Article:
“You know where this is going,” said one of the people on condition of anonymity. “You are working on this process [of changing the name]. It will end with a new name. Dan has been listening to different people in the past few weeks. “
When asked if a change was safe, the person said, “I don’t want to say 100 percent. It’s very likely going in that direction.”
A second person, aware of the situation, said, “It̵
One of the people familiar with the team-league discussions said the change could “potentially” take place before the 2020 season, which is currently scheduled to start on September 10, and the other said, “It’s going in that direction.”
The team said the review “formalized the first discussions the team had with the league in the past few weeks.” No schedule for the review has been announced.
“This process enables the team to take into account not only the proud tradition and history of the franchise, but also contributions from our alumni, the organization, sponsors, the National Football League and the local community that it is proud of, on and off to represent the field, “said Snyder in the statement.
Goodell expressed the league’s support for the team’s review. “We have had ongoing discussions with Dan over the past few weeks and we support this important step,” said Goodell in a statement released by the league.
League officials have said in the past few days that any change would be a club decision, not one made by the league office. According to someone familiar with the league’s interior, the owners of other NFL teams were increasingly concerned about Snyder’s use of the Redskins and his long-standing refusal to rethink the name.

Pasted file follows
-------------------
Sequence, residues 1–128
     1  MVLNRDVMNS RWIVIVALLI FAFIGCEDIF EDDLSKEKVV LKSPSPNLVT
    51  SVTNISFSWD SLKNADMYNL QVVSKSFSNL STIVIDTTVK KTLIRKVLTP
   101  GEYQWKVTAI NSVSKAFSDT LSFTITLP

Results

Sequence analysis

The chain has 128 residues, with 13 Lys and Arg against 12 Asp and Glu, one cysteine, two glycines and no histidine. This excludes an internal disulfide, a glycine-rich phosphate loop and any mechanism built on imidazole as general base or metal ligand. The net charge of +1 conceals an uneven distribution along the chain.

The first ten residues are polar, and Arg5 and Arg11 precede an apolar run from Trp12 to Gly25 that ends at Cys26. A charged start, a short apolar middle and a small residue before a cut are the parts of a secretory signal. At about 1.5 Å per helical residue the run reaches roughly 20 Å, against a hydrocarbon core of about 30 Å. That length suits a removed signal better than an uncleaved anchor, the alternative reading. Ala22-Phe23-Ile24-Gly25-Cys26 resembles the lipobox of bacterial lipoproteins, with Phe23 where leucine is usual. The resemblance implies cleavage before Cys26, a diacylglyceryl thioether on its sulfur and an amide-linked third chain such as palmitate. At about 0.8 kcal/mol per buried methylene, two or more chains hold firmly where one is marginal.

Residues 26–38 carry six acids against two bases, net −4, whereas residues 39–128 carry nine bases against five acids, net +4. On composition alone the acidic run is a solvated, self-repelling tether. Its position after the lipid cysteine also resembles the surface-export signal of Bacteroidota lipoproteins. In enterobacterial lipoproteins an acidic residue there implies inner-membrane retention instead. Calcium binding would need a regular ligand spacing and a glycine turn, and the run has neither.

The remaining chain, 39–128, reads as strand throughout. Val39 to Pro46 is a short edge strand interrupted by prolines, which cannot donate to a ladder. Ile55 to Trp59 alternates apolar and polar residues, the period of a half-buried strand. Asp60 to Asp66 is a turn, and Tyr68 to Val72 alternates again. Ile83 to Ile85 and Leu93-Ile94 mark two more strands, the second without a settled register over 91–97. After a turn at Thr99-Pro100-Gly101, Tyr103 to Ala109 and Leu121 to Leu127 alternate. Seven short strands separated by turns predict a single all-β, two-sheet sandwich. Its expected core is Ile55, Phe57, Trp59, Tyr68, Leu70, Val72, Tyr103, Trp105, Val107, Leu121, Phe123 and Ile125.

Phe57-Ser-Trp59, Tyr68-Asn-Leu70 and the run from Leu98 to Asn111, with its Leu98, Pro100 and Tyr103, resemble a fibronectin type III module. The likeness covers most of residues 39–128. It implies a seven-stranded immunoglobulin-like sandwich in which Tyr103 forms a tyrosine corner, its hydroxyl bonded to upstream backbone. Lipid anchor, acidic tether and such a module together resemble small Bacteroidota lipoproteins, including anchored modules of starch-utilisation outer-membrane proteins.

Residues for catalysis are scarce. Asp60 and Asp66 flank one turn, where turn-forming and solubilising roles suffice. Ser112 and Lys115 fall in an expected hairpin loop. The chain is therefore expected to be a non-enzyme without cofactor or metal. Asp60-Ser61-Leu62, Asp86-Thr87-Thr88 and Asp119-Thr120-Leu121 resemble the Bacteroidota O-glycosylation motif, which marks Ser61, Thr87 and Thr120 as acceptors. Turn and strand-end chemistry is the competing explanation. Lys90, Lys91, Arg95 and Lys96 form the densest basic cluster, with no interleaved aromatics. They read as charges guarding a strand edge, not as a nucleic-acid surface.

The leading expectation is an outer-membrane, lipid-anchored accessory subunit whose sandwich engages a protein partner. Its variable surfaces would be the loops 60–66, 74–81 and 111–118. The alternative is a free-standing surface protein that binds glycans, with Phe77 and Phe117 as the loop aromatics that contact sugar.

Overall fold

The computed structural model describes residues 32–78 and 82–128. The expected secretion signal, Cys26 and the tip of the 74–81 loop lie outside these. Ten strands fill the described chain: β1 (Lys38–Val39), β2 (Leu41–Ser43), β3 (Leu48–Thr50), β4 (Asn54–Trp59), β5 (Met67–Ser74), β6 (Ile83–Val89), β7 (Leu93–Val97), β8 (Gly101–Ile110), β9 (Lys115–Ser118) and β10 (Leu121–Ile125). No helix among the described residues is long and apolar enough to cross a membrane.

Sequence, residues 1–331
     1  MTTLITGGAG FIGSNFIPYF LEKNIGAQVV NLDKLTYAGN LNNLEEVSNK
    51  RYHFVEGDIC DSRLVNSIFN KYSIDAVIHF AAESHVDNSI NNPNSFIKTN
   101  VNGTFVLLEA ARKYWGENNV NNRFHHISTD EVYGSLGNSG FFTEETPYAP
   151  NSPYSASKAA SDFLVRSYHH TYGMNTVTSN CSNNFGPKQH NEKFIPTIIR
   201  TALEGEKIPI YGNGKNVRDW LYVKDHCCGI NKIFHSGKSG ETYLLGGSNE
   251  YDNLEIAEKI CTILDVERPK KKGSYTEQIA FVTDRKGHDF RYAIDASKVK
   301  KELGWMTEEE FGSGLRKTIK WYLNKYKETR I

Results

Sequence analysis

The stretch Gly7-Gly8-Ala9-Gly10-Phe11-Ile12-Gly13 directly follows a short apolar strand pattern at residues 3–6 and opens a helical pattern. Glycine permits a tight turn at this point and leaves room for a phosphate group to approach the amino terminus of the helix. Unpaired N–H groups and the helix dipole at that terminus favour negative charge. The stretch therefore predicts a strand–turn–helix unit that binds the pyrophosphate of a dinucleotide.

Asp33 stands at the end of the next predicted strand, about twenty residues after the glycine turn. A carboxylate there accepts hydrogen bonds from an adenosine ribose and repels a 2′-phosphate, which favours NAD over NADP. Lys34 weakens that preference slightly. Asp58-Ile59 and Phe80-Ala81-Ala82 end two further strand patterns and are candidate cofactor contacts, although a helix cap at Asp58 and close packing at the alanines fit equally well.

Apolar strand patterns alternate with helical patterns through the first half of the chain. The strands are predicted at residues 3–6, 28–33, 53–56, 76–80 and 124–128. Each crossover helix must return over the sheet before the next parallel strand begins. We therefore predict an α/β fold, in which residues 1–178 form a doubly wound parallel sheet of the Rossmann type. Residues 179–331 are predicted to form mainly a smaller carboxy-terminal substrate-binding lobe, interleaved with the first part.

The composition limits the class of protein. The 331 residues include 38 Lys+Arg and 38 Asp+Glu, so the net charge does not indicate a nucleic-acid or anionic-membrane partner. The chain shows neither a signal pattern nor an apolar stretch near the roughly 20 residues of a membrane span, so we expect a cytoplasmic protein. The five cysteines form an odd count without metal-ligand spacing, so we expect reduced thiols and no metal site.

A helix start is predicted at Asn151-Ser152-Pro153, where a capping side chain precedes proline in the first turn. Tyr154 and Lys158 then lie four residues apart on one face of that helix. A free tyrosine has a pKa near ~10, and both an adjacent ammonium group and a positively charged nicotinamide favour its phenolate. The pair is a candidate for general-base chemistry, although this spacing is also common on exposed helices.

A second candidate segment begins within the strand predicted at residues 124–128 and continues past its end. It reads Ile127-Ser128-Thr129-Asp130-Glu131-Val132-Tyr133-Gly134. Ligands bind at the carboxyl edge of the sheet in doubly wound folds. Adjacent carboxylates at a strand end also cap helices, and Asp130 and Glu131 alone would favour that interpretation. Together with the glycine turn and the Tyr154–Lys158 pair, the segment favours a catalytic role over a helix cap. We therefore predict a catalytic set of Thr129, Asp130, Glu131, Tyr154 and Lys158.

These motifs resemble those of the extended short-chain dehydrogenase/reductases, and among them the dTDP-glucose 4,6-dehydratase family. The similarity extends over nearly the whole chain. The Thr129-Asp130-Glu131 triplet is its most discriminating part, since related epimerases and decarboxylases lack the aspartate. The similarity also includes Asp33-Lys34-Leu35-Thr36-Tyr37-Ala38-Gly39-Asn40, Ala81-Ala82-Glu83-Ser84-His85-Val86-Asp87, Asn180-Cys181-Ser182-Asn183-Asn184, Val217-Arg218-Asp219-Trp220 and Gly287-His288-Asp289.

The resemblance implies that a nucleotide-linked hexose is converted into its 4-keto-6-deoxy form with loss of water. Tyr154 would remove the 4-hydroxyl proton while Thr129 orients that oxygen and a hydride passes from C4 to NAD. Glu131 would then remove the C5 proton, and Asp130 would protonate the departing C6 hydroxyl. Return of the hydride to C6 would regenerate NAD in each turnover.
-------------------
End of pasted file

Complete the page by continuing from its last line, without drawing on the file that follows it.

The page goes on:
“We have to help him do the best for himself and the best for the league,” said the person. “I hope this is a wake up call because this franchise is so important.”
Snyder has no choice but to change the name, according to this person who spoke on condition of anonymity. Otherwise, “I think he’ll have a big exodus of all of his sponsors,” he said.
The announcement by the Redskins and the sudden U-turn on a topic that has long disturbed the franchise follows a broader nationwide race discussion and settlement with the country’s history. Since George Floyd was killed in police custody in May, monuments have been dropped, flags have been blocked, and protests have been taking place in coast-to-coast cities that demanded widespread change, mainly focused on racial justice and police brutality.
While a change of name was not explicitly mentioned in the Redskins’ statement, the review is generally seen as the first step towards a step that the organization – and Snyder in particular – has long resisted. Snyder, who grew up as a fan of the franchise before buying the team in 1999, has kept the team’s name and the mascot is a source of pride that honors Native American heritage. In an interview in 2013, he drew a line in the sand and said, “We will never change the name. It’s as simple as that. NEVER – you can use Caps. ”
However, the pace of change has increased in recent weeks, and on Thursday FedEx, a long-time sponsor and owner of naming rights for the team’s home stadium, issued a one-sentence statement calling for a change. Fred Smith, the managing director of FedEx, is a minority owner of the Redskins.
“We communicated our request to the Washington team to change the team name,” said the Memphis-based company.
Investors and shareholders put pressure on the team’s corporate sponsors, and many welcomed the Redskins announcement.